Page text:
The Crowd in History and the January 6, 2021 Attack on the US Capitol

By Casey Harison

Individual Republican politicians in the United States and the Republican party in general have downplayed the seriousness of the January 6, 2021 attack on the US Capitol by a pro-Trump crowd. Despite what many of us saw on television that day—images that have since been bolstered by the revelations of the House Committee investigating the event—the Washington Post reported last summer that “Republicans still mostly just shrug.” Indeed, as the Post proceeded to report in September, a majority of polled Republicans believe January 6 “wasn’t a riot at all, just a demonstration, maybe with a few bad apples.” Former President Donald Trump has echoed the nonchalance, even as he has tried to turn one of the invaders into a martyr.

It may be that some Trump supporters at the Capitol that day did not expect violence or were unaware of the threats against police and members of Congress that took place. Crowds can, of course, be sprawling and segmented, some participants peaceful and some not. But even when some individuals aren’t aware of it, the main thrust of a crowd can be threatening, violent and deadly. Scholarship on crowds that looks at historical episodes similar to January 6 has demonstrated how true this is.

Indeed, for those familiar with the history of crowds, January 6 has real similarities with a pattern of collective action that happened across the Atlantic World dating from the late eighteenth and nineteenth centuries. Paris is the most famous setting for the “crowd history” that started with an older generation of scholars, including historian George Rudé and  sociologist Charles Tilly.[1] French historian Georges Lefebvre mentioned by Beatrice de Graaf in an Age of Revolutions post was a student of crowds, too. As these scholars described, eighteenth- and nineteenth-century Parisian crowds invaded legislative halls and royal residences, usually threatening, but also sometimes carrying out acts of violence. On occasion, crowds helped overthrow governments.

Perhaps the Parisian event closest to the January 6 invasion of the Capitol took place on May 15, 1848, when a radicalized crowd upset by recent election results (France, like the United States, was a republic) and stirred up by demagogues, invaded the hall of the National Assembly. Some of the invaders were armed and as they mingled among the legislators—most of whom, unlike the Congress on January 6, were unable to get to secure positions—the atmosphere was fearful. Alexis de Tocqueville, author of Democracy in America and one of the legislators in the Assembly hall that day, thought at least some of the insurgents had violent intent and aimed to overthrow the government. He remembered the day as one of the most frightening he’d ever experienced.[2] Eventually police and soldiers arrived, and the crowd left. But in a sense the violence was only delayed: a month later, Paris witnessed the June Days rebellion that left as many as 1,500 dead and led to more than 11,000 arrests—some of whom probably had taken part in the invasion of the legislature.[3]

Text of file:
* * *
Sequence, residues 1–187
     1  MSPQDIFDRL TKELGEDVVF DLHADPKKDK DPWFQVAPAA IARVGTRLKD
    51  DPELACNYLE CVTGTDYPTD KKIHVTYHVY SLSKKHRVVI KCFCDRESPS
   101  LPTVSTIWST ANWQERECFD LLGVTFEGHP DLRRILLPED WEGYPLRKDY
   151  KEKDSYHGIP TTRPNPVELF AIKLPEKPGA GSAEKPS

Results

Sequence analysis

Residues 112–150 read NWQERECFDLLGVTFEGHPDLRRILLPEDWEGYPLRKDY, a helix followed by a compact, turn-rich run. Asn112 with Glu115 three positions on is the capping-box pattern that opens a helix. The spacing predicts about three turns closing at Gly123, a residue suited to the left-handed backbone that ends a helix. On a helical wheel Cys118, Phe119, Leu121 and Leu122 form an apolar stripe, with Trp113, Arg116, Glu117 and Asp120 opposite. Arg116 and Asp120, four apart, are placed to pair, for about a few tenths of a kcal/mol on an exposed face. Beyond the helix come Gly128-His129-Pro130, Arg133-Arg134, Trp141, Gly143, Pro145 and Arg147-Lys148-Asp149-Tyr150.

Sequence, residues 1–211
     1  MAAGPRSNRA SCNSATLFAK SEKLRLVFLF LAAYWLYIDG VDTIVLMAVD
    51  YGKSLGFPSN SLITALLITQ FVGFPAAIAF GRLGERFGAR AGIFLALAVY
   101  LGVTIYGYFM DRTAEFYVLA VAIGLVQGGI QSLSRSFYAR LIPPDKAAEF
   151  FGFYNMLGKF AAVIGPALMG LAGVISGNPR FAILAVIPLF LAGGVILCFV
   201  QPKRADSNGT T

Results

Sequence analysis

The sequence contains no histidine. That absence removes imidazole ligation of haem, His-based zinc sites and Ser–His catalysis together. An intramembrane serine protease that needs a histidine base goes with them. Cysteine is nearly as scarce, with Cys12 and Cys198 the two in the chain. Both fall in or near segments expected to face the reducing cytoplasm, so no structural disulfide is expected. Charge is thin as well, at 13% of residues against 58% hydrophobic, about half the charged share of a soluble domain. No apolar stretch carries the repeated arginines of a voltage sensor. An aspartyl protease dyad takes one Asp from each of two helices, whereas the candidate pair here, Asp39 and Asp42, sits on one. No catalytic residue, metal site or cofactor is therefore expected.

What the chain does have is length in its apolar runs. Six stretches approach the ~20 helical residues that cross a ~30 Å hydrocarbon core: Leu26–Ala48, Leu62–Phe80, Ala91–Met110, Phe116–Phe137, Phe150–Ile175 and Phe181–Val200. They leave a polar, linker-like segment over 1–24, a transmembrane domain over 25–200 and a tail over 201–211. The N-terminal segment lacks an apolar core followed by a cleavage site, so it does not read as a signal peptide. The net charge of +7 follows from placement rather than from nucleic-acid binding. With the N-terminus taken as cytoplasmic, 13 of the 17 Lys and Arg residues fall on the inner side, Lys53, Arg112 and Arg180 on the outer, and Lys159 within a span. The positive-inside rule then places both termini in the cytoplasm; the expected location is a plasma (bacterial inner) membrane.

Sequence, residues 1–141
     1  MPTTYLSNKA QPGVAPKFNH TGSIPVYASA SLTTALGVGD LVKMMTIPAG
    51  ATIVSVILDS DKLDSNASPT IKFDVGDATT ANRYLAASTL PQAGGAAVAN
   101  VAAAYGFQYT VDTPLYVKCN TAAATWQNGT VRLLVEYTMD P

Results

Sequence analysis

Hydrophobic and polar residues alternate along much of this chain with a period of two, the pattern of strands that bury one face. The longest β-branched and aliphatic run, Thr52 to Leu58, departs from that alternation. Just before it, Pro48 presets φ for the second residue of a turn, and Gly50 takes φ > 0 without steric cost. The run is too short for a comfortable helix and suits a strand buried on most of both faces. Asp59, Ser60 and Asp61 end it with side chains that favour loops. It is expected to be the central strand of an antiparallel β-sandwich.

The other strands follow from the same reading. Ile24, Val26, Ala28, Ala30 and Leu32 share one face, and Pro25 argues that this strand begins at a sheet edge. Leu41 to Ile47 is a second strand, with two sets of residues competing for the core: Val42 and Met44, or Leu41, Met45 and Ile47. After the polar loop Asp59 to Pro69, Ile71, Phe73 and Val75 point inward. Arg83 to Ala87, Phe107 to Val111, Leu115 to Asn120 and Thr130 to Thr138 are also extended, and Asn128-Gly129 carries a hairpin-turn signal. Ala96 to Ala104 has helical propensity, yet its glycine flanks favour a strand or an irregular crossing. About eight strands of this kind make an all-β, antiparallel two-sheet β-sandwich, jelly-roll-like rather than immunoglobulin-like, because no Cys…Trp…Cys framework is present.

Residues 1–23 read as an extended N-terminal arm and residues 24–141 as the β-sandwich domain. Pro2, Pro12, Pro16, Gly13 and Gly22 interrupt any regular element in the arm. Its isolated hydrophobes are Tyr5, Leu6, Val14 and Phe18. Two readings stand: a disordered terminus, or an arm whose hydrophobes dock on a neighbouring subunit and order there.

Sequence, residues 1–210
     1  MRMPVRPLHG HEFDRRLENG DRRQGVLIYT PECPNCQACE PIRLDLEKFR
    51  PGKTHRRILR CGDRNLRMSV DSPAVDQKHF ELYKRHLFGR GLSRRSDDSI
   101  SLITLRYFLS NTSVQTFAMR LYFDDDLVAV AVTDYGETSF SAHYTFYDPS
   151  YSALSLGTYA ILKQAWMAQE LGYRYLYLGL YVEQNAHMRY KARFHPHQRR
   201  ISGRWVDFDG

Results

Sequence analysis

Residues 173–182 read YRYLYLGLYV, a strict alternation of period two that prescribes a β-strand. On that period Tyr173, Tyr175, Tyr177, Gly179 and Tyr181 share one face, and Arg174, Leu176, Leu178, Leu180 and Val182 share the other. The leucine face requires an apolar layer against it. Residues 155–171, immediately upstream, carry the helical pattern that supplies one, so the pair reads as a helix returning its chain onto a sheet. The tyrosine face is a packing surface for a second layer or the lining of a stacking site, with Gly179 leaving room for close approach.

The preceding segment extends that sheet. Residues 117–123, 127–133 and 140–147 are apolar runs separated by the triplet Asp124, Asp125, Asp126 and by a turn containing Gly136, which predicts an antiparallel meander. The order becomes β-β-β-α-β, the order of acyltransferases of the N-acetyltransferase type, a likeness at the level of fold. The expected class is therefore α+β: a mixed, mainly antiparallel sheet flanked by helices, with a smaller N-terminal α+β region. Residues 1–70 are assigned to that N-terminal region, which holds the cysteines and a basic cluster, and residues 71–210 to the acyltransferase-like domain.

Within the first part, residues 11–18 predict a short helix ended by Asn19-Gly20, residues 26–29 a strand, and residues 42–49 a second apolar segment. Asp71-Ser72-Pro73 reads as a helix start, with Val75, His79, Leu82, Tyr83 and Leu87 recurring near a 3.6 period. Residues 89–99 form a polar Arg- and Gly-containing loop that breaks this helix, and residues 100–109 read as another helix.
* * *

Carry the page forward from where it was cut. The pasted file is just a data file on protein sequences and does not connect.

Scholars of the crowd know individual participants can have very different perceptions of the events they take part in. This is to be expected, since crowds—especially politicized crowds, which on January 6 included the radical Oath Keepers—typically include a core with specific intent, along with others who are just there for the ride or to smash things up.

Where testimonies are available to understand crowd events, they need to be carefully scrutinized and placed in context. We know from the history of Parisian crowds, for example, that individual admissions of participation often depended on the outcome: if the government was overthrown, there was incentive to claim participation because that could mean awards and pensions; but if the government stayed in power, it made sense to claim ignorance because participants could be tossed in jail or deported.[4] In this regard, it is not surprising that some members of the Republican party have downplayed the invasion of the Capitol.

Nonetheless, it is not hard to grasp the main objective of a crowd at a particular time and place: there is no doubt that the Parisian crowd attacking the Bastille in July 1789 was supporting the revolution brewing at nearby Versailles. And while the actions of the January 6th crowd, and Trump’s role in bringing together and inciting it, are still being investigated by the House Committee and Department of Justice, we already have enough evidence to endorse what seemed perfectly obvious at the time: the pro-Trump crowd was there to help undo the Joe Biden’s election to the presidency.